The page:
Time to Get Creative

We know neurodivergent people can be amazingly creative, and across the LGBTQIA+ world it’s almost a cliché! So it’s safe to say there has to be a LOT of creative talent all across the Double Rainbow. For Iggy’s Initiative we’re asking you to show us.

What’s Happening?

We’re giving you a chance to show off. From now until the end of March we’d love you to send us artwork or poems you’ve created that celebrates being ND and LGBTQIA+ any way you want!

Where, When?

We’re going to put together an online exhibition to feature as many of the works submitted as we can. This will run through the month of April, and will be curated by AIM for the Rainbow‘s very own artist, Alex Forshaw.

How Do I Join In?

You can send us digital images and photos, you can send in as many or as few as you like. Please remember to include the name of the work (if it has one) and your name (or nickname) as you’d like it to appear. You can also send us a short description of the piece, what it means to you, what prompted you to create it–as much or as little as you like.

All we ask is that it’s your own work, and that it doesn’t copy or include other people’s stuff without their permission.

If you’re interested, please get in touch with us using the form below, or through our Facebook page or Rainbow Room group, and we’ll let you know how to send us your art.

A World Full of Bullies: Being Autistic and LGBTQIA+

by David Gray-Hammond

He/him

I grew up without an autism diagnosis. Everyone was pretty sure I was autistic but it wasn’t confirmed until I was 26 years old.

I also grew up unaware that my sexuality even existed. My name is David and I’m Asexual.

Growing up I was bullied horribly. I was the weird kid who didn’t have the same interests as the other boys. As I entered my mid-to-late teens I tried to overcorrect for my lack of interest in sexual matters, thanks in large part to bullying at school.

I became hypersexual and it traumatised me. I didn’t realise it at the time because I didn’t even know that asexuality was a thing. It took 8 years of being single to come to terms with the fact that I was asexual. It finally clicked when my (also asexual) girlfriend taught me to love myself as much as I loved her.

And this is really the crux of the bullying issue. When children are unaware of their own identities, how can they learn to love themselves for who they are? We need to teach children about all aspects of identity be they neurological or sexual, and teach our children to love themselves fiercely.

When young people are taught to love and accept themselves as they are, when a person is at peace with themselves, it makes the bullies job much harder. Bullies look for gaps in our armour and try to exploit perceived weaknesses.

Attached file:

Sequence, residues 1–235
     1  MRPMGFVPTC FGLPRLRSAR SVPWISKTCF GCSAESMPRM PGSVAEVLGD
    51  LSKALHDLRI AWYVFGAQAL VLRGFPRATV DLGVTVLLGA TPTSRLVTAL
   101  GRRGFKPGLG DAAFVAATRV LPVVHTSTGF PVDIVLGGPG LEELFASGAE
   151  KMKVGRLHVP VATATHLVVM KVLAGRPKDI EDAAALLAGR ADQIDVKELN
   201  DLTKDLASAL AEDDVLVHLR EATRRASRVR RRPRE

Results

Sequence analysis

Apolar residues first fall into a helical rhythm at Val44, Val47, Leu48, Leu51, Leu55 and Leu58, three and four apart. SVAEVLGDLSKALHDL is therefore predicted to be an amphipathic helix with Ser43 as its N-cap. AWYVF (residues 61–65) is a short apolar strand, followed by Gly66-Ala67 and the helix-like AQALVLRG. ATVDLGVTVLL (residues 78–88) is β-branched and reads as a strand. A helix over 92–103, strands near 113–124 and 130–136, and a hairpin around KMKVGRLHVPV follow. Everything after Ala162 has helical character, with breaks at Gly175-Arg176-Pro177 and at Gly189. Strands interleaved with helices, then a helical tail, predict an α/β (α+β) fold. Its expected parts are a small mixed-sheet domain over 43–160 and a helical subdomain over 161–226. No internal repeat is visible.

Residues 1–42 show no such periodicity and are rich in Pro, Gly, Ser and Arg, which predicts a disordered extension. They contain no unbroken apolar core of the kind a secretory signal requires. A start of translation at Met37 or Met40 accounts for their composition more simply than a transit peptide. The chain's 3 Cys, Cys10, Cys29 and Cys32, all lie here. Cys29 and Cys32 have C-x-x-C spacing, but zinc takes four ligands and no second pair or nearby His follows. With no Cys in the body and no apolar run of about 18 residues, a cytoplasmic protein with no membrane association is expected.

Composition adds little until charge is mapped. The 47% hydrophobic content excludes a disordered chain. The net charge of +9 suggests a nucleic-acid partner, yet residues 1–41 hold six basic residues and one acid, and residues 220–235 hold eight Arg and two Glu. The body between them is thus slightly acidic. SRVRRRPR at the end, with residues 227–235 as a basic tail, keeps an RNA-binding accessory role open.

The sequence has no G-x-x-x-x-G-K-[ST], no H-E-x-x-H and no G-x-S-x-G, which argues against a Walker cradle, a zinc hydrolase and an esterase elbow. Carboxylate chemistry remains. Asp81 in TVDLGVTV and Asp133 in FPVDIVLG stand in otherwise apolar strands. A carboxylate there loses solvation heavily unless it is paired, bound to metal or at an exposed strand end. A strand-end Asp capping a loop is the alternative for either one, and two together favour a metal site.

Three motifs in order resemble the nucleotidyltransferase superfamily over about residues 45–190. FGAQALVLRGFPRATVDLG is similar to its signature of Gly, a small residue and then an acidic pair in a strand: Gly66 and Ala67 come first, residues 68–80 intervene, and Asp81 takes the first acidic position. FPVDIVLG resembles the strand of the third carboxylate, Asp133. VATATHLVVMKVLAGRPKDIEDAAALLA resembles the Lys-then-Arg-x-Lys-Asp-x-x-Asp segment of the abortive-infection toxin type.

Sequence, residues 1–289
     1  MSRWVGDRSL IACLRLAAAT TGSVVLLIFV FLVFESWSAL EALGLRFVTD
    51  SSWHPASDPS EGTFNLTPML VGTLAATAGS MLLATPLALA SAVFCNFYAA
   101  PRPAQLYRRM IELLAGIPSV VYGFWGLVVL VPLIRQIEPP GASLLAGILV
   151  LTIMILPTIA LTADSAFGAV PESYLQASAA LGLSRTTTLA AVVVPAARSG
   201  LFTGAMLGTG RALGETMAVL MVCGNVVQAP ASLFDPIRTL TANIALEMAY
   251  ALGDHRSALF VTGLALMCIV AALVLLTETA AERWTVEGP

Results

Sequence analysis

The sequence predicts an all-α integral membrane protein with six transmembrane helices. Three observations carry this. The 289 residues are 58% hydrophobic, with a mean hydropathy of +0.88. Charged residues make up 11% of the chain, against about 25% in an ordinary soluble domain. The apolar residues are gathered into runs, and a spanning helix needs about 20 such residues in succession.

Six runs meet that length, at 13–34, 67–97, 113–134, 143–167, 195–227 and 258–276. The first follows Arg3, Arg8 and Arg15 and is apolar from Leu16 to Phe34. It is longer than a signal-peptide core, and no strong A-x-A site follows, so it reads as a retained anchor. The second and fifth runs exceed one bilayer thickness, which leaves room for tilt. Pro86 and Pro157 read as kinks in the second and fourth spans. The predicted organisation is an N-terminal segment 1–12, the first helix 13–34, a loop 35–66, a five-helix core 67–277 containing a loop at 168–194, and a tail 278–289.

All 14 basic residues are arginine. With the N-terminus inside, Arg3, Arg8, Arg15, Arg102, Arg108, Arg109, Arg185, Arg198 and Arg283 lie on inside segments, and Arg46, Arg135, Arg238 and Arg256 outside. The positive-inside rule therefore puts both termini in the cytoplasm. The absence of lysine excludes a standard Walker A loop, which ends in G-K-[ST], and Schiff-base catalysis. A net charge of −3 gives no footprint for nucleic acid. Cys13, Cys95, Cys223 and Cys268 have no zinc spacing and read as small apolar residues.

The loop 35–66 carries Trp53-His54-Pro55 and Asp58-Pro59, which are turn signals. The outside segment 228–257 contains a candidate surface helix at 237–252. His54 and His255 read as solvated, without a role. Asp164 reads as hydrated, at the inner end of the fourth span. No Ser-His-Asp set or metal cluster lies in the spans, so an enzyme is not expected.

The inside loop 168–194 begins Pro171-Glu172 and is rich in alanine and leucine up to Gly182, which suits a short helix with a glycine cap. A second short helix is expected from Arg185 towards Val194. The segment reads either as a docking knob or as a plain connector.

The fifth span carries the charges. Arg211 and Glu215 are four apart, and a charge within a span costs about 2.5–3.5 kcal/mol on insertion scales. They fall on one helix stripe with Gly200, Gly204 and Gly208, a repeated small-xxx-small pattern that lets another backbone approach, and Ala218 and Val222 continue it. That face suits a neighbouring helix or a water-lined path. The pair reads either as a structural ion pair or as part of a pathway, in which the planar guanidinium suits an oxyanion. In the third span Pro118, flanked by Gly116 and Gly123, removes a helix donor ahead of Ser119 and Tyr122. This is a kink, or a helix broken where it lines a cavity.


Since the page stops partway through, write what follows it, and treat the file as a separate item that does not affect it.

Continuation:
By teaching children to love themselves we make those gaps in their armour smaller and harder to exploit. I consider myself an advocate, but we need to teach all of our children to advocate for themselves. Advocacy is an important step on the journey to self acceptance.

Both autistic and LGBTQIA+ children experience bullying, but when we consider the huge intersection between those two demographics we have to be willing to acknowledge the great harm that can be done to children on the double rainbow.

If you teach your children nothing else, please teach them that who they are is good enough and worthy of love. Teach them that no matter what the bullies say, the world has a place for them just as they are. Teach them about different identities and why it’s okay to not fit in with the mainstream. Most importantly, teach them to love themselves.

Gender Creativity and the Spectrum

by Katie Munday

She/they

Gender expression and identity has often been considered as binary–either masculine or feminine–but most of us fall somewhere along or outside of the spectrum of gender characteristics. Diverse gender identities appear to be more prevalent in autistic individuals than neurotypical people. Unfortunately, most of the academic work on this intersection is less than complimentary, posing neuro- and gender diversity as ‘abnormal’. Fortunately, there is growing work in print and online by autistic trans activists which champions these identities as an important part of human diversity.

Autistic people often have a very strong self-understanding and self-knowledge, despite living in a world which does not cater to their diverse behaviours, emotions, and perceptions. These differences in social understanding and cognition may permit autists to understand gender in all its multiplicities, allowing them to dress and interact with others in ways which fit their own individual needs and interests. Furthermore, working outside of societal expectations allows autistic people to experience and express gender identities in a wholly individualistic manner. 

Sharing these unique and insightful experiences within and without LGBTQ+ and autistic communities can help us all become more critically conscious, allowing us to challenge ableism and cis-genderism, creating a world which is more richly diverse and accepting. 


Further reading (by autistic trans / gender diverse writers): 

  • Uncomfortable Labels: My Life as a Gay Autistic Trans Woman by Laura Kate Dale
  • Trans and Autistic: Stories from Life at the Intersection by Noah Adams and Bridget Liang